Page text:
Therefore, in effect, the CCI noted that the conduct of intermediary platforms which have got huge traction and are undeniably are in a significant market power must act in a manner which does not lead to denying of accessibility of its platform to its supply / channel partners, such platforms must act in a fair manner and as a market regulator, the CCI can intervene to ensure that such platforms/ gatekeepers are not acting in a manner which leads of denying market access in any manner and CCI would not be constrained to hold such conduct in violation even if such denial is not absolute or complete.

  • Competition on Merits is the Key in the Digital World

It was argued by MMT-Go that since the grievance of the informant-applicants arises from a contractual obligation imposed on MMT-Go by OYO, such conduct cannot simultaneously be interrogated under S. 3(4) and S. 4 of the Act. The Commission rejected the argument and rightfully so, holding that S. 4 and S. 3(4) are not mutually exclusive and that there can be instances where the same conduct can contravene S. 4 and S. 3(4) of the Act. One such instance is the present case where an exclusivity agreement is entered into between a dominant enterprise and another player in the vertical chain having significant market power. Such an agreement allows both the players to strengthen their market power in their respective markets thereby harming the process of competition on merits. Thus, CCI has shown that competition on merits is the key and CCI will not hesitate from exercising its jurisdiction either under S.4 or under S. 3 to allay anti-competitive concerns. There have been authorities throughout the globe which have time and again emphasized the concept of competition on merits (right from Hoffman La Roche in EU, statutorily also provided in the Singapore Competition Act and Japanese Anti Monopoly Law) and the same may have embodied by the CCI in this case.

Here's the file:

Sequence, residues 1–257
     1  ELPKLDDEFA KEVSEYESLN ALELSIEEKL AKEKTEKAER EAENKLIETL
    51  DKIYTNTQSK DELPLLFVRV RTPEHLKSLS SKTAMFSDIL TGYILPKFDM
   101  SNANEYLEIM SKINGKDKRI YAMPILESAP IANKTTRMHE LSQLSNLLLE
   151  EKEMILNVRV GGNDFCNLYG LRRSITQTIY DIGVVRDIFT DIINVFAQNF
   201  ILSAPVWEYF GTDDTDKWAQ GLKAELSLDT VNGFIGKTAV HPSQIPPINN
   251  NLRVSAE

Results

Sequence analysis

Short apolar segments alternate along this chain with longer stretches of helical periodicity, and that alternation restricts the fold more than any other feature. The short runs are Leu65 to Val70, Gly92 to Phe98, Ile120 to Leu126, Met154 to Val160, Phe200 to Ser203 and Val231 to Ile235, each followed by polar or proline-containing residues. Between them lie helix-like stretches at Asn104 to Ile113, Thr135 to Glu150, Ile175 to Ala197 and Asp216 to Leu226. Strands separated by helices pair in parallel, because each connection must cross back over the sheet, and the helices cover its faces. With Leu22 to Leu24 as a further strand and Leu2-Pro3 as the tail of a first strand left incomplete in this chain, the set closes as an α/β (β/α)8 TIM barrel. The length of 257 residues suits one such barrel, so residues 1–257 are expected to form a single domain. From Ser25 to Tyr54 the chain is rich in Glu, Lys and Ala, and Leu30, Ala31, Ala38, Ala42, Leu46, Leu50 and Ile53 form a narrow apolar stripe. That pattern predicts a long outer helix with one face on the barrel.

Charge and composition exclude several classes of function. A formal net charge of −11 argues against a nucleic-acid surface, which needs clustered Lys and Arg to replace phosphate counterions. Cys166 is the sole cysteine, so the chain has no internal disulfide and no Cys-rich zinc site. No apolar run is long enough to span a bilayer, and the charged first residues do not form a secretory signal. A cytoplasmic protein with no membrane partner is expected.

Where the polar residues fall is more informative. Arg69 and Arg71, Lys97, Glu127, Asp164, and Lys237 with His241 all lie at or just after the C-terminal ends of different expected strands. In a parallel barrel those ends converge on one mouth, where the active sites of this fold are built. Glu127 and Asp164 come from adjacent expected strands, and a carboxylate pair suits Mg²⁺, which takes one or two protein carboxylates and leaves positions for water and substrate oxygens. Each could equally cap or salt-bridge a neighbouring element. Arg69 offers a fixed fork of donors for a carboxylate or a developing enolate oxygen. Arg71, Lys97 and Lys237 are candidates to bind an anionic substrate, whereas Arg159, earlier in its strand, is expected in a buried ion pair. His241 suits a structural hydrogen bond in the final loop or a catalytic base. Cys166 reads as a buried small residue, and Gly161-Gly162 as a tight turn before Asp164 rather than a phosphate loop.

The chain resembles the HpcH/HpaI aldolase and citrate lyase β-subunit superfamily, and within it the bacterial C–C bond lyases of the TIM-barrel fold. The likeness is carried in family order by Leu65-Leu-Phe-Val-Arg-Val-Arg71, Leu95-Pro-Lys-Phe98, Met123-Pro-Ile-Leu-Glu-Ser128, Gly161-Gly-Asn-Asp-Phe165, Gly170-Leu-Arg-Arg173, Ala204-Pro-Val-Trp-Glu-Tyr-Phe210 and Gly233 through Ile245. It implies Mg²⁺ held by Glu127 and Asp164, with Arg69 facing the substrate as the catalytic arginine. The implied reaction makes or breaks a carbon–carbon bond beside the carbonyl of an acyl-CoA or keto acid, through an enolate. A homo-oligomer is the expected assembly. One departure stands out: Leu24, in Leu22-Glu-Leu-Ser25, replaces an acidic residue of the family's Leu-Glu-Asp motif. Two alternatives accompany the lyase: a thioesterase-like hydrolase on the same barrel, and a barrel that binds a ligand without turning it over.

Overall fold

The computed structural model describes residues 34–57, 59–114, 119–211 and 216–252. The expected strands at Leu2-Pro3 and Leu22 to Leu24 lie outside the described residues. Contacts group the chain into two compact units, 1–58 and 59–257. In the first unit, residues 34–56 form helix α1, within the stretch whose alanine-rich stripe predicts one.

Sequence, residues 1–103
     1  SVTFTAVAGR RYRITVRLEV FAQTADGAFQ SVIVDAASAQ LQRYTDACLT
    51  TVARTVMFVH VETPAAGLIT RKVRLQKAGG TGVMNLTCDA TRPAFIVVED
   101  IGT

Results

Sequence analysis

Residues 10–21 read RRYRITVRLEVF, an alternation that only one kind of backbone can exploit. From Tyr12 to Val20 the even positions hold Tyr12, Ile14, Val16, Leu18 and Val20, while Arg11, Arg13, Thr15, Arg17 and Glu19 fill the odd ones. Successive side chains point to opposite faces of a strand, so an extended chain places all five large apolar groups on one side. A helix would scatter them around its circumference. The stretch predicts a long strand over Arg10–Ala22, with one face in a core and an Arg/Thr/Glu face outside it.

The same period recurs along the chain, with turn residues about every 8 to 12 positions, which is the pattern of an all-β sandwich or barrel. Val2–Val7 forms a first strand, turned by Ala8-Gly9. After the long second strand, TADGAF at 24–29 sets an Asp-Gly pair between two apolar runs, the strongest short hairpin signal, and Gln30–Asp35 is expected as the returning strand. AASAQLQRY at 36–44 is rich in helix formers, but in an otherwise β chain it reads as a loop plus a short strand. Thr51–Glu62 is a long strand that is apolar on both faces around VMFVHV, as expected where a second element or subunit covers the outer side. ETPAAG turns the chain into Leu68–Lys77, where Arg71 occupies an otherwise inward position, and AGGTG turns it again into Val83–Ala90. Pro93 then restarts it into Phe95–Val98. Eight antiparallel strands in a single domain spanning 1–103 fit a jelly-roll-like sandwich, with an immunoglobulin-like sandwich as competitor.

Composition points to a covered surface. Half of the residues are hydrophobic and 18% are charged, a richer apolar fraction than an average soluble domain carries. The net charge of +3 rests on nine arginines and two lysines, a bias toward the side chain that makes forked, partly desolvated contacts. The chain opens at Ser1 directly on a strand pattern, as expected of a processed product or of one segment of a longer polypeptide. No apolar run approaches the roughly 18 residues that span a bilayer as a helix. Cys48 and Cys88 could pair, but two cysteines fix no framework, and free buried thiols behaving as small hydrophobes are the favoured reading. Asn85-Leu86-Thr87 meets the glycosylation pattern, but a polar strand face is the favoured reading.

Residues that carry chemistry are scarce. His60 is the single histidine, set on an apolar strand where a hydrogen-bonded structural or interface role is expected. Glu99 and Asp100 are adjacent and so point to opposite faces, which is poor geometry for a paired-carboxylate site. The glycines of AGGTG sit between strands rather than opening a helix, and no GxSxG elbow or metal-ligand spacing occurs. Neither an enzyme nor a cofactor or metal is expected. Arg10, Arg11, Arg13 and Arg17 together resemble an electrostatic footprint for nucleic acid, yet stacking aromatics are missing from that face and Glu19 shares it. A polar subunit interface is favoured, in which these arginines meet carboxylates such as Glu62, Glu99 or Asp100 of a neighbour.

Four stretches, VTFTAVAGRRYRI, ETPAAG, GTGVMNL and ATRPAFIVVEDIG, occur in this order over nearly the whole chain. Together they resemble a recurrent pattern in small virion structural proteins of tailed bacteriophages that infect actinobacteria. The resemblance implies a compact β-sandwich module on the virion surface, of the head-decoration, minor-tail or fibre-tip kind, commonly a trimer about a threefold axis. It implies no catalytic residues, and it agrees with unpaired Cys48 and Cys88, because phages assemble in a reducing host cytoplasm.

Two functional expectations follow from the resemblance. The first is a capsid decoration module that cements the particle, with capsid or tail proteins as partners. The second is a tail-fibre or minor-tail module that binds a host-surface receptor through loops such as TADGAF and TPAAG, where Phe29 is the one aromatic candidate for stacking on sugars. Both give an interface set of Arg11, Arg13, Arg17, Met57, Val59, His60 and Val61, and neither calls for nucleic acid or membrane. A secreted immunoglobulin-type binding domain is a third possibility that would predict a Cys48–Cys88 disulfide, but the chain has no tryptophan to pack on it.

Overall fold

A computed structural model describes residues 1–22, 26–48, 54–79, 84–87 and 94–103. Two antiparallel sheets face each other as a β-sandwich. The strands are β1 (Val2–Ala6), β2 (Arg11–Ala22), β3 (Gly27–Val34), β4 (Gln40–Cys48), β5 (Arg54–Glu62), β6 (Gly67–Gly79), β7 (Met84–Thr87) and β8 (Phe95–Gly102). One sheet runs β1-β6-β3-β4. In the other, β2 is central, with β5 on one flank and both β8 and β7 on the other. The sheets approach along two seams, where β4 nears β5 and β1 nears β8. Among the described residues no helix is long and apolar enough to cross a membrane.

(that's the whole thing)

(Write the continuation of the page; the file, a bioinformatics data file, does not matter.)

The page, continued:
• Timely Intervention is Crucial

CCI in this order has laid great emphasis on the importance of timely intervention to prevent markets from tipping effect. It has observed that timing is more so important in the dynamic digital markets where harm done to competition is more often irrevocable. Thus, the Commission didn’t hesitate in using its seldom used powers to restrain MMT-Go from further distorting the competition.

  • The Way Forward

The important clarifications and interpretations by the Commission through this order, albeit it is an interim measure, will go a long way in preserving the competition in the digital platform markets – where platforms backed by huge financial impetus resort to anti-competitive practice to tip the market in their favour and foreclose the market for other competitors / channel partners. CCI, through this order, has also expressed its enforcement priorities in digital markets as competition not based on merit may have become an intrinsic characteristic of this market which needs to be remedied. As mentioned above, while this is an interim measure, the platforms must relook at their arrangements in light of this order.